Allegra LaViola Gallery is pleased to present Cold Sweat, the first American solo exhibition of painting, works on paper and installation by Brian Montuori.
At home in both the stillness of a forbidding landscape and the macabre humor of an exploding animal, Montuori’s exhibit plucks us from ordinary surroundings and deposits us in a parallel world in which humanity is absent.
From the moment of entry we are launched into the bleakly beautiful surroundings of Montuori’s alarming environment, encircled by alternating visions of terror and calm. A coyote flashes before us in furious motion, partially caught in a trap and partially bursting out of the casing that contains it. Beyond the coyote lies an uninhabited terrain devoid of people. Small screens reveal a static view of empty rooms and abandoned structures as a water tower looms large as a Cathedral on the skyline. Pipelines cross empty horizons, siphoning something to someone – but who? The answer might be in the singular sign of humanity: a corporate logo. Ark:Tech is the only clue in the familiar, yet unsettling, landscape. Further inspection reveals a grim reality; what was once nature has before our eyes become machine.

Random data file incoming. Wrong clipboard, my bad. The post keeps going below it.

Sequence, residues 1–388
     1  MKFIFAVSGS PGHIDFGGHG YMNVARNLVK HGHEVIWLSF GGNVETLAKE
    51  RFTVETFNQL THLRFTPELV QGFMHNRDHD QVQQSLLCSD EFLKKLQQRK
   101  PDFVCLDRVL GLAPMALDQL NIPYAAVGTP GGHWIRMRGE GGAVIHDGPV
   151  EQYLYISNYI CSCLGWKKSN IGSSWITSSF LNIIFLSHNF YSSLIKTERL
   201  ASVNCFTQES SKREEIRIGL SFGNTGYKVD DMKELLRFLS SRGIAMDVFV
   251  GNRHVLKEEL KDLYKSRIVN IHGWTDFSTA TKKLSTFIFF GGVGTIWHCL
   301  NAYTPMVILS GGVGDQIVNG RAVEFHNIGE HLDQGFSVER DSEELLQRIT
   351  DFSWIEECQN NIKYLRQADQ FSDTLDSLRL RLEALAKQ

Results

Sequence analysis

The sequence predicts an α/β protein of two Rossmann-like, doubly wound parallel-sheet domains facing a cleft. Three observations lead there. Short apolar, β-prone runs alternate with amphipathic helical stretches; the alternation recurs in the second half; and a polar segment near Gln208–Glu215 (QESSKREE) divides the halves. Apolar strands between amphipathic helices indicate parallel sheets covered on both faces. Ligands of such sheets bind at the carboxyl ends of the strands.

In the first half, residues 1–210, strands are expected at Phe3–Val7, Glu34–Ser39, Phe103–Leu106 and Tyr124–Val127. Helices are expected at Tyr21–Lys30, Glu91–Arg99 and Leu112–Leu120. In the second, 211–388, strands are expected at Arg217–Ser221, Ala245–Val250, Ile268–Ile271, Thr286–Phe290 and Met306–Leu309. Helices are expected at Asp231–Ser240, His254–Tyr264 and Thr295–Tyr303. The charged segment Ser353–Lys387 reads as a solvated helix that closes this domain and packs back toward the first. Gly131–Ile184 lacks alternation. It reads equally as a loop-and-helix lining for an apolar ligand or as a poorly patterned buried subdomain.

It is not, indeed, impossible to imagine that Montuori’s disturbing vision could be reality. Certainly the surroundings are common enough: a range of mountains, a lake, and a glittering, snow-filled forest. But the inhabitants of this world are entirely alien, despite their seeming familiarity. The longer our gaze lingers, the less normal this world seems. A feeling persists that we are being watched – a sense of suspended animation. The abandoned region is not really as empty as it looks.
In the gallery’s lower level we are led deeper into the disquieting maze. Glimpses of animals are rendered in night vision, and we are transformed from a casual observer to an active participant, though if we are the hunter or the hunted is up for debate. Glowing eyes peer at us through the underbrush, and the neglected structures that appeared forlorn in the light are menacing in the darkness.
Our progression towards total and complete surveillance of society has had the effect of turning us into constant viewers who are constantly viewed. The endless stream of the news makes disasters into blips on the radar while catastrophes dance in an endless loop before us. Such limitless access to misery results in a dulled response: the appalling becomes ordinary when viewed in an infinite reel. Montuori’s skill in unfolding his world comes not only from his handling of the physical property of paint and canvas, but also from his ability to sharpen our senses by jostling our vision slightly out of focus. The ceaseless loop is interrupted and the world is suddenly just a little unstable, which is the deciding moment when we will catch ourselves, or fall.
Cold Sweat is the second part of a trilogy exploring the Ark:Tech Group, and follows Montuori’s January 2007 Intruder exhibit at the ZieherSmith project space. Montuori’s work has been shown internationally at Christian Ehrentraut, FRED London and the Essl Museum. He has been reviewed by Tokion Magazine, Whitehot Magazine and The New York Times.